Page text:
Parks figures join forces in bid to raise the profile of green spaces

Parks leaders vow to work together for benefit of entire sector.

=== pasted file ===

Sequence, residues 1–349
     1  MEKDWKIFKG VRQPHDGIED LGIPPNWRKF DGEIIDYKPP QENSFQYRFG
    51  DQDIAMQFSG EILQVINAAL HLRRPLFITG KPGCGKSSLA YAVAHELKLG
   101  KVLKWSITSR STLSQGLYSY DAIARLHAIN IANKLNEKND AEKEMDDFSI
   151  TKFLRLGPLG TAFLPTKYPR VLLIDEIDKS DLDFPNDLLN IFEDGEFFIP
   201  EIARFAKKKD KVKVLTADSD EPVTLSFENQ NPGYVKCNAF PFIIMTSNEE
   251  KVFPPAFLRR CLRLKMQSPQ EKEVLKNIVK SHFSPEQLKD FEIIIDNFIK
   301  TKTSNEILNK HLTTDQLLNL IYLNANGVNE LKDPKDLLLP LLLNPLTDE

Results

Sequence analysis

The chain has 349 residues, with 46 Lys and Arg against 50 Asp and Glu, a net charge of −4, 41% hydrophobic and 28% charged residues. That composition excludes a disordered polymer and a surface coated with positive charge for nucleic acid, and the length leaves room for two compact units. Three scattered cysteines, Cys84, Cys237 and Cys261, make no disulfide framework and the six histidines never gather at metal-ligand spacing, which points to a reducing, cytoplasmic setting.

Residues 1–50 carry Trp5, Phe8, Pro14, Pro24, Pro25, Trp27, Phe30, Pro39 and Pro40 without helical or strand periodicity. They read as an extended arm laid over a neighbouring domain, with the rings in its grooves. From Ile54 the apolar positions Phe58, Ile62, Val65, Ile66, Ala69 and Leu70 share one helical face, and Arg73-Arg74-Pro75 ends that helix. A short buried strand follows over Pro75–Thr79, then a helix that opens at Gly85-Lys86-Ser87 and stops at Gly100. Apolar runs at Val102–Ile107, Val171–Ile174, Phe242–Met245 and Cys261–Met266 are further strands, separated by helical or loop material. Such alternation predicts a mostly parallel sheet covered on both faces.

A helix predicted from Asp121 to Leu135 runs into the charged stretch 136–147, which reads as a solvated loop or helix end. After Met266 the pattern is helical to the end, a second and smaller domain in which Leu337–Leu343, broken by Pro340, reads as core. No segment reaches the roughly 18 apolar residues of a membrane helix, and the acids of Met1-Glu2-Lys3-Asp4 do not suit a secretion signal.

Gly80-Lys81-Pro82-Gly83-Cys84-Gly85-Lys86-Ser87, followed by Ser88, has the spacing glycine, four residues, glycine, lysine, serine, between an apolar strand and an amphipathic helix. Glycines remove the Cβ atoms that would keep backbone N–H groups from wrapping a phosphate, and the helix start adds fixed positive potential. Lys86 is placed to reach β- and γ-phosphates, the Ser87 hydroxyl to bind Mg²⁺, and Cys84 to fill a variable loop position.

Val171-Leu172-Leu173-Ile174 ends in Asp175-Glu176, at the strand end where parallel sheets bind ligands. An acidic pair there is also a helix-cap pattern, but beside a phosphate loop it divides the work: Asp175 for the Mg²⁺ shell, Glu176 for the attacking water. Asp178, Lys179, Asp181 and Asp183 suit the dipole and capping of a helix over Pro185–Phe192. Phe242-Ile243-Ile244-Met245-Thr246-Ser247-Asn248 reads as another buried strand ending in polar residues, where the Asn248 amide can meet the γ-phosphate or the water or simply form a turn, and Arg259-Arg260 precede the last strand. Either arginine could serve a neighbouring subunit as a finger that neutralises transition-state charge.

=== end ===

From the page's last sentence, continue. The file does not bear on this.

Parks leaders have agreed to form a coalition to campaign for green spaces to be put back up the political agenda. Prominent parks figures met at the Future of Parks Round Table in London last week and agreed to work together as “the voice of the parks world”. Delegates discussed a range of issues, including future capital and revenue funding, skills shortages and training, community involvement and climate change. DCLG head of liveability and sustainable communities Peter Matthew said the sector is fragmented and politicians are “not sure who to talk to”. He called for a commitment for a coalition to “focus around core actions”, which his department would be willing to support. Chair Dr Stewart Harding said GreenSpace’s recent Park Life report findings (HW, 21 June) showed 32 per cent of those surveyed were unsatisfied with their parks. The survey also found children, who had not seen parks before their lottery-funded revival, were still more negative about parks than adults. Delegates to the GreenSpace debate discussed the growing gulf between the 450 HLF-funded parks and 4,000 other major parks that have not been revamped. Harding said parks were still suffering from a £8bn capital shortfall. Parks consultant Alan Barber said green spaces were likely to suffer because the 2012 London Olympics would siphon off lottery funds. He said it was essential parks and health leaders worked together to discuss the role of parks in improving wellness. He added that parks could use climate change as a lever to win more cash by emphasising their usefulness as temperature regulators. Delegates said community groups were vital to persuade councillors that parks needed funding and even suggested community group leaders should run for local government office to raise parks’ profiles.

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